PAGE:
Cider making

Create your own cider this season.
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If you are looking for a fun fall activity to try, consider making your own hard cider. Homebrewing is a popular pastime in Beer City already and making your own hard cider is just as easy.

Ben O’Connor Courtesy Ben O’Connor

Ben O’Connor, who owns O’Connor’s Home Brew Supply with his wife Allison, said making hard cider is actually a bit easier than brewing beer. “Both cider and beer making require fermentation, (i.e., yeast turning sugar into alcohol). Beer is produced when yeast consumes malt sugars and hard cider is produced when yeast consumes simple sugars found within apple juice. Beer is unique in the fact that it requires a hot side step (mashing and boiling). Beer is essentially cooked, and cider is generally not, making cider less labor-intensive and less difficult to execute.”

Hard cider can be ready to drink in as little as three weeks, too, though O’Connor recommends three to four months of aging if you want a better-tasting cider.

To get started, O’Connor said you will need the proper equipment and ingredients. He recommends getting cider from a cider mill.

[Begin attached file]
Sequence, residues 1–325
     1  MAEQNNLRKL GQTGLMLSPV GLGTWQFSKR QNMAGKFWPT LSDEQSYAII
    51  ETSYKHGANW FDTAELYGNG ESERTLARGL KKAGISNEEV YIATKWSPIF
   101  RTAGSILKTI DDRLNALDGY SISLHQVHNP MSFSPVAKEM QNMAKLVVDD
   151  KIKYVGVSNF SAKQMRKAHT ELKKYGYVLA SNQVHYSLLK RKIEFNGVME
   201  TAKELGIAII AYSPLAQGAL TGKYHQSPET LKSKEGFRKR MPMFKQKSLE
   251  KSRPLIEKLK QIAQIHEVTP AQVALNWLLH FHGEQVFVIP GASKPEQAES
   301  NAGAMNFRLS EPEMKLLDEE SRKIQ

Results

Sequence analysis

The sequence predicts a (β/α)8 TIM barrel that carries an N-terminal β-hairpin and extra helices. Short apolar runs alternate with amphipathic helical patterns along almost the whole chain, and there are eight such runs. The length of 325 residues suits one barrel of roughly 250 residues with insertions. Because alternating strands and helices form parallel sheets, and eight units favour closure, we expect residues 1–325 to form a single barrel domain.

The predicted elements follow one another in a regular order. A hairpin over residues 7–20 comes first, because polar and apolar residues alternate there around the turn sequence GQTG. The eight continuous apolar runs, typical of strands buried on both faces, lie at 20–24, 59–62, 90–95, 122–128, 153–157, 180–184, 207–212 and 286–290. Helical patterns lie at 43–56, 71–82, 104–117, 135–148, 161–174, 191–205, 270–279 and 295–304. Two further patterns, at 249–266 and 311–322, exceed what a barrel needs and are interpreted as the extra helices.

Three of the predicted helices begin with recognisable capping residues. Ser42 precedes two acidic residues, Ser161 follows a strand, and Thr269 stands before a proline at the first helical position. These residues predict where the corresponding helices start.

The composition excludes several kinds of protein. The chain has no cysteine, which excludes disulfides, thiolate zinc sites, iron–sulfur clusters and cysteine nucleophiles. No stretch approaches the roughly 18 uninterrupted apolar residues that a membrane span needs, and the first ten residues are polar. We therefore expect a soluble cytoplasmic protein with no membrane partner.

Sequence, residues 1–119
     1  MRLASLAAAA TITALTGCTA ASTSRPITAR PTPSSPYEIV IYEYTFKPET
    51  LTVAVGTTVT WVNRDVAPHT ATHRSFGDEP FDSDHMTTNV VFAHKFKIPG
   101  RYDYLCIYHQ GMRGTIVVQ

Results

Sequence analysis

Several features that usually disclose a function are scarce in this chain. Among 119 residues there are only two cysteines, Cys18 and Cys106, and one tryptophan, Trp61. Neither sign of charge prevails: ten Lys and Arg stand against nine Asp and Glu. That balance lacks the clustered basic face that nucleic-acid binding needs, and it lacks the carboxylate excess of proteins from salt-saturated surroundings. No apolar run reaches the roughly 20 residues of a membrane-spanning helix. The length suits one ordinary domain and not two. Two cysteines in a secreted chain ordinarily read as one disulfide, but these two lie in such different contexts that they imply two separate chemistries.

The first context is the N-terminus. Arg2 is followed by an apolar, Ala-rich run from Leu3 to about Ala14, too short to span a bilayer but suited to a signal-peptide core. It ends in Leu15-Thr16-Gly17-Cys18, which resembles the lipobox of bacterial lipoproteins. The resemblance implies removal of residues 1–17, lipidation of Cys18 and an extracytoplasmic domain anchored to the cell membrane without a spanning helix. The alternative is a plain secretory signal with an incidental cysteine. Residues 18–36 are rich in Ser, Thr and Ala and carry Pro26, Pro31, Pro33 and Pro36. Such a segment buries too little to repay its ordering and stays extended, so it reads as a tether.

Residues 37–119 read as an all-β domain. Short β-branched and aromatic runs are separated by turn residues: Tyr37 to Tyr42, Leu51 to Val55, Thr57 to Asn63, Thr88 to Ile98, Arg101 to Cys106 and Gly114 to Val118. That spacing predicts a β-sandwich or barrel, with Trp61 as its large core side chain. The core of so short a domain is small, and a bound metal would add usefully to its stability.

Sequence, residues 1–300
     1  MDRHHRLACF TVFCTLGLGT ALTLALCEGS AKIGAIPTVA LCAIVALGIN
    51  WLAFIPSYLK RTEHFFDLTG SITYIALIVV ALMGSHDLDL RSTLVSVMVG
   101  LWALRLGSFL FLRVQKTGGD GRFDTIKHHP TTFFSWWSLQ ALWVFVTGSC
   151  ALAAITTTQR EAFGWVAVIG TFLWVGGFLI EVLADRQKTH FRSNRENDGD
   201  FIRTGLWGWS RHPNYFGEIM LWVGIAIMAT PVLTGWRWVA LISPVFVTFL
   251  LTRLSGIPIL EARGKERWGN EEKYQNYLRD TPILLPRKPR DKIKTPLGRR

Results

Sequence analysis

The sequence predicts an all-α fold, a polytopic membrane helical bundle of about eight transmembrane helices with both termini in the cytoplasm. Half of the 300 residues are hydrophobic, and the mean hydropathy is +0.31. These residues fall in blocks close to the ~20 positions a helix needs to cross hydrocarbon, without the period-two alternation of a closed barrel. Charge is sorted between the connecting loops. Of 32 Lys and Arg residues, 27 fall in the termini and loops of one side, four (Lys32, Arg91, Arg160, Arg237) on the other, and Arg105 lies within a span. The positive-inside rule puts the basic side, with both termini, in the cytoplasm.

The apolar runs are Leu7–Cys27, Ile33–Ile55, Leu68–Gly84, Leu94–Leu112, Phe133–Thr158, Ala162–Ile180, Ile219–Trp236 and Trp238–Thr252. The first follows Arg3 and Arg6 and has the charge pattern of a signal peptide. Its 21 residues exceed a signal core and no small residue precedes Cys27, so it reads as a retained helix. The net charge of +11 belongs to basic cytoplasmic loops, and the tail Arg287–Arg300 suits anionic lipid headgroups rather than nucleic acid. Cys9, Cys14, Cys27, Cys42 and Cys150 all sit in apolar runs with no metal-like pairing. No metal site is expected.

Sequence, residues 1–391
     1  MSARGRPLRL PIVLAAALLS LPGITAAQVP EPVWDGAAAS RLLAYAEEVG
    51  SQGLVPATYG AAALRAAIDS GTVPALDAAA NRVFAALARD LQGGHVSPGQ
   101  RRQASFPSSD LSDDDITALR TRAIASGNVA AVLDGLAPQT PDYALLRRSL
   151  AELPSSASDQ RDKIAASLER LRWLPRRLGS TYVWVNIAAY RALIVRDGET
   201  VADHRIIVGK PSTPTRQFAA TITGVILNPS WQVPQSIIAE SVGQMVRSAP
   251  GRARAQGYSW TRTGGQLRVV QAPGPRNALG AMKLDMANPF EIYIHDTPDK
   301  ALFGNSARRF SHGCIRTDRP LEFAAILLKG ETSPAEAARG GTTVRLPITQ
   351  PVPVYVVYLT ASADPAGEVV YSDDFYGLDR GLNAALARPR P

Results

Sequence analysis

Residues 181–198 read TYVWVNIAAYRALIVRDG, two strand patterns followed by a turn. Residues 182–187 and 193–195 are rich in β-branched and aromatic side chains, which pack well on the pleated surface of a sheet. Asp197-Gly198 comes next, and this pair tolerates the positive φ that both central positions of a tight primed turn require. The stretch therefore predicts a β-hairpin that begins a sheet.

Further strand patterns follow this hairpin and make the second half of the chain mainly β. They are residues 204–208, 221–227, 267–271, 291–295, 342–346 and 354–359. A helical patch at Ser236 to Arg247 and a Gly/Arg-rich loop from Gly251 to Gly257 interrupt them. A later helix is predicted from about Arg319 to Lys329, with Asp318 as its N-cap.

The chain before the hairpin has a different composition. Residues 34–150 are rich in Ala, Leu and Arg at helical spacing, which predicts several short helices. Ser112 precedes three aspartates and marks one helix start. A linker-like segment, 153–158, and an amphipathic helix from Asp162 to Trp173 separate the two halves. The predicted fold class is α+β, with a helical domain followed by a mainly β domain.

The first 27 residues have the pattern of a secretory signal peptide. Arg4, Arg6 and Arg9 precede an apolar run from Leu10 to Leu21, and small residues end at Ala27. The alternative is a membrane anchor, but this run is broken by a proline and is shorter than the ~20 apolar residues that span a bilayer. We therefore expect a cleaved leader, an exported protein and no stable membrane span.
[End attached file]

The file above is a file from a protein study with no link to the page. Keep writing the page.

“They provide the proper blend of apples in their cider (the juice has the proper PH, among other specs to create quality hard cider). People do have success with store-bought cider or juice, as long as there are no preservatives in it. Preservatives will hamper the yeast from eating sugar and producing alcohol.”

As for equipment, O’Connor said, “We sell several equipment setups at the shop that would be sufficient to get started and they range from $50 to $139.99. The juice itself is around $5 per gallon depending on which cider mill you go to. We recommend Hill Brothers, Vander Mill or Robinette’s.”

Sanitation also is important in the cider-making process, so you’ll want to purchase quality cleaning products.

To get the flavors you want, O’Connor said you can either back sweeten the fermented cider (add sugar after fermentation) or introduce other additives such as spices, fruit or other flavorings.

“All hard cider will have a dry tart flavor profile when finished fermenting,” he noted.

If you need help, O’Connor invites you to stop by his shop for a handout on cider making. He’s happy to answer questions as well. If hard cider isn’t your fall drink of choice, O’Connor’s also has equipment for homebrewing, winemaking, mead-making, kombucha-making and nitrogen cold brew coffee supplies, as well. Visit oconnorshomebrew.com.

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